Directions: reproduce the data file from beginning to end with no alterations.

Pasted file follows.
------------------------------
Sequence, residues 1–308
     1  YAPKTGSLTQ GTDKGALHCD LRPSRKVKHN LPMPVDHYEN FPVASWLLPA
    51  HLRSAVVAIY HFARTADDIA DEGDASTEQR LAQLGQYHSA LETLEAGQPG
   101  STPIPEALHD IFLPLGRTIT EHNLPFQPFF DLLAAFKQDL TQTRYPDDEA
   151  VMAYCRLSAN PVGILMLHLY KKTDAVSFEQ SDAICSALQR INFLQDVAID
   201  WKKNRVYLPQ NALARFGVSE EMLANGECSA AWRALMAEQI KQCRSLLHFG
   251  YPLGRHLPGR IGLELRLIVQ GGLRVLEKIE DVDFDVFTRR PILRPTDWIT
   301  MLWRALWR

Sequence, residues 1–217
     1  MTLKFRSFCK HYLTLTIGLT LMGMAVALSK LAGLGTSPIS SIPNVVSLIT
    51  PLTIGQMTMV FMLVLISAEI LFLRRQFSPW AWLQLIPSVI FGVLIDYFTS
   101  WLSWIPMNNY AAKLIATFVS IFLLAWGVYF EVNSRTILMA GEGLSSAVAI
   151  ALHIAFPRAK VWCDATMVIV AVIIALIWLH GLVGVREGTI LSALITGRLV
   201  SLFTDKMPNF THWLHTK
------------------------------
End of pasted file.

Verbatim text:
Sequence, residues 1–308
     1  YAPKTGSLTQ GTDKGALHCD LRPSRKVKHN LPMPVDHYEN FPVASWLLPA
    51  HLRSAVVAIY HFARTADDIA DEGDASTEQR LAQLGQYHSA LETLEAGQPG
   101  STPIPEALHD IFLPLGRTIT EHNLPFQPFF DLLAAFKQDL TQTRYPDDEA
   151  VMAYCRLSAN PVGILMLHLY KKTDAVSFEQ SDAICSALQR INFLQDVAID
   201  WKKNRVYLPQ NALARFGVSE EMLANGECSA AWRALMAEQI KQCRSLLHFG
   251  YPLGRHLPGR IGLELRLIVQ GGLRVLEKIE DVDFDVFTRR PILRPTDWIT
   301  MLWRALWR

Sequence, residues 1–217
     1  MTLKFRSFCK HYLTLTIGLT LMGMAVALSK LAGLGTSPIS SIPNVVSLIT
    51  PLTIGQMTMV FMLVLISAEI LFLRRQFSPW AWLQLIPSVI FGVLIDYFTS
   101  WLSWIPMNNY AAKLIATFVS IFLLAWGVYF EVNSRTILMA GEGLSSAVAI
   151  ALHIAFPRAK VWCDATMVIV AVIIALIWLH GLVGVREGTI LSALITGRLV
   201  SLFTDKMPNF THWLHTK